NJ parent worried about ‘over-sexualization’ of schools wins by 8 write-in votes
Newly-elected school board members poised to begin in January include a North Jersey parent who won a seat by just 8 write-in votes — weeks after criticizing a transgender elementary teacher.
After launching a grassroots effort in November, Michael Coletta won a three-year spot on the Haledon Board of Education.
Coletta first created buzz during a September school board meeting, when he publicly announced that his child would not attend class with the transgender music teacher in the district’s sole pre-K through 8th grade school.
He called into the Sept. 12 meeting, telling the board of multiple reports from families that the teacher in question told students when it comes to gender, “they can pick what they want.”
“I personally have a problem with this, I don’t agree with this, I don't believe it’s scientific,” Coletta said.
He continued that while “everyone has a right to make a living,” he wanted to know what the school’s policy would be about what the teacher shared with young elementary students.
Coletta also asked what would be different about it if a teacher “spouted” their religious beliefs during class — such as a Catholic teacher criticizing a Muslim student, or speaking against abortion during class.
“There’s supposed to be a separation of these things, from school — yes he has rights, but as a parent and a father I have rights and my child has rights. And it’s not fair that we’re going to pick one over the other - one person versus how many people are going to be offended,” Coletta said.
The Haledon Public School District serves nearly 1,000 students from preschool through grade 8 in Passaic County.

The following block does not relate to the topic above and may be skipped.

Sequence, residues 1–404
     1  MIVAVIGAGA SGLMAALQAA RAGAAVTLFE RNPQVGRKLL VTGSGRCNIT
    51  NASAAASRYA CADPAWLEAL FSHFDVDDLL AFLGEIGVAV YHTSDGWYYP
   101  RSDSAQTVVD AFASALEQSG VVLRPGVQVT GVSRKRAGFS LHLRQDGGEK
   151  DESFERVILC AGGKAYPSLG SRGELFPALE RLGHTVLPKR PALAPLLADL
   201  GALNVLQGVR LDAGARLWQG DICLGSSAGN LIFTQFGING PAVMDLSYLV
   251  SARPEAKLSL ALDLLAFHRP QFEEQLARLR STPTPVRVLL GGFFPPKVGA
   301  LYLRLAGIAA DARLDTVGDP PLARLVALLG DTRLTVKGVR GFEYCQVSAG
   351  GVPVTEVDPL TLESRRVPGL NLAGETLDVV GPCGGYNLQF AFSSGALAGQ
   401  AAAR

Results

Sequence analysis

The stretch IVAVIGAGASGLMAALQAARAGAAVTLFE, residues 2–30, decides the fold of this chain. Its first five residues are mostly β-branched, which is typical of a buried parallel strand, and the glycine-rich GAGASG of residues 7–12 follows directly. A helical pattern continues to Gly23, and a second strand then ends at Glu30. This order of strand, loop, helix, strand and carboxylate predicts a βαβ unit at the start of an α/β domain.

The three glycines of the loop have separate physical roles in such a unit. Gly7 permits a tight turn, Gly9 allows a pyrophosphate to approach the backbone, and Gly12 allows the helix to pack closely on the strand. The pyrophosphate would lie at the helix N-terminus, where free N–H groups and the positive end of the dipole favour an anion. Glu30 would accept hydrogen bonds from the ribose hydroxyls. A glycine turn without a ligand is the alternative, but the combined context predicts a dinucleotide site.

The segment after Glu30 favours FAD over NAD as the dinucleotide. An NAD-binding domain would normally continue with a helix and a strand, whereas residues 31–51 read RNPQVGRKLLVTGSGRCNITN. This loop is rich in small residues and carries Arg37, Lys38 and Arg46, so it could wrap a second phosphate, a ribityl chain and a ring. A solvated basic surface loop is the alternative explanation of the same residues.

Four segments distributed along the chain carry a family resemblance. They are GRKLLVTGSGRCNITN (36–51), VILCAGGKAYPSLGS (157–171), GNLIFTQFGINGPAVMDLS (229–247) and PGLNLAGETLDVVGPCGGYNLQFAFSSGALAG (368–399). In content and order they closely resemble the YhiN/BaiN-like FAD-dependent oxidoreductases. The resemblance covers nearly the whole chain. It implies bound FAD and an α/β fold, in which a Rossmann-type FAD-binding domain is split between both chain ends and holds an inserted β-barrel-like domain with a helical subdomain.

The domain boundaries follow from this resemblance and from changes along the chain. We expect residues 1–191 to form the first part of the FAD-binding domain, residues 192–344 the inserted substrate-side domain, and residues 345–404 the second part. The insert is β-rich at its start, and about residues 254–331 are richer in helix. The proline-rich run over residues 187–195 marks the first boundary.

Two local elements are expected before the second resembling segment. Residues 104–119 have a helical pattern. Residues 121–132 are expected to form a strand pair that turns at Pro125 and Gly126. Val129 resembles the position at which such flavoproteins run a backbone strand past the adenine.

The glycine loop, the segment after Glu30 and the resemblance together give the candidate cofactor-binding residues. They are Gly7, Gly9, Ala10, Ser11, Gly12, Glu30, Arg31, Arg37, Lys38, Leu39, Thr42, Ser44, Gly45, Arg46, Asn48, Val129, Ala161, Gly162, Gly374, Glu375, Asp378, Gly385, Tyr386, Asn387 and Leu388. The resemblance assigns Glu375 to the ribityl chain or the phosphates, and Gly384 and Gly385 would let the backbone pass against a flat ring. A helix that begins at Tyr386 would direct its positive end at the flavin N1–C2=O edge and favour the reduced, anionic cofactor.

Weeks later, Coletta sent a message to local families on the Messenger app, as reported by NorthJersey.com, saying in part “I’m trying to give a voice to the concerned parents who are not happy with the over-sexualization of our school.”
Board members Liesl Fores-Iza (802 votes) and Rafael Martínez (855 votes) were both re-elected to full, three-year terms while the Haledon ballot had room for a third nominated candidate, which remained blank.
That seat went to Coletta, who received 52 write-in votes out of 189, eight more than Jimmy Iza, the closest runner-up.
Variations of both men’s names also received several more write-in votes total.
Omar Abbassi ran unopposed and won a two-year, unexpired term for the school board with 772 votes. Brian Zinn also ran unopposed and returns for a one-year, unexpired term received 709 votes
For Haledon, voter turnout was slightly above a third of the borough’s registered voters, as less than 117,000 ballots were cast.
More school board ‘newbies’?
Across the state this year, there were 2,151 candidates vying for 1,569 open school board seats in the November election, according to an analysis of county clerk data by the New Jersey School Boards Association.
Of those candidates, 905 were incumbents — a 5% drop as a percentage of the overall candidates from the 2021 school board elections – 42% this year versus 47% last year.
Last year, a total of 2,174 candidates vied for 1,594 board of education positions.
This year’s ratio of candidates per open seat was up a bit to 1.37 candidates per available position, according to the same NJSBA analysis. That was compared to the 2021 ratio of 1.36 candidates per seat.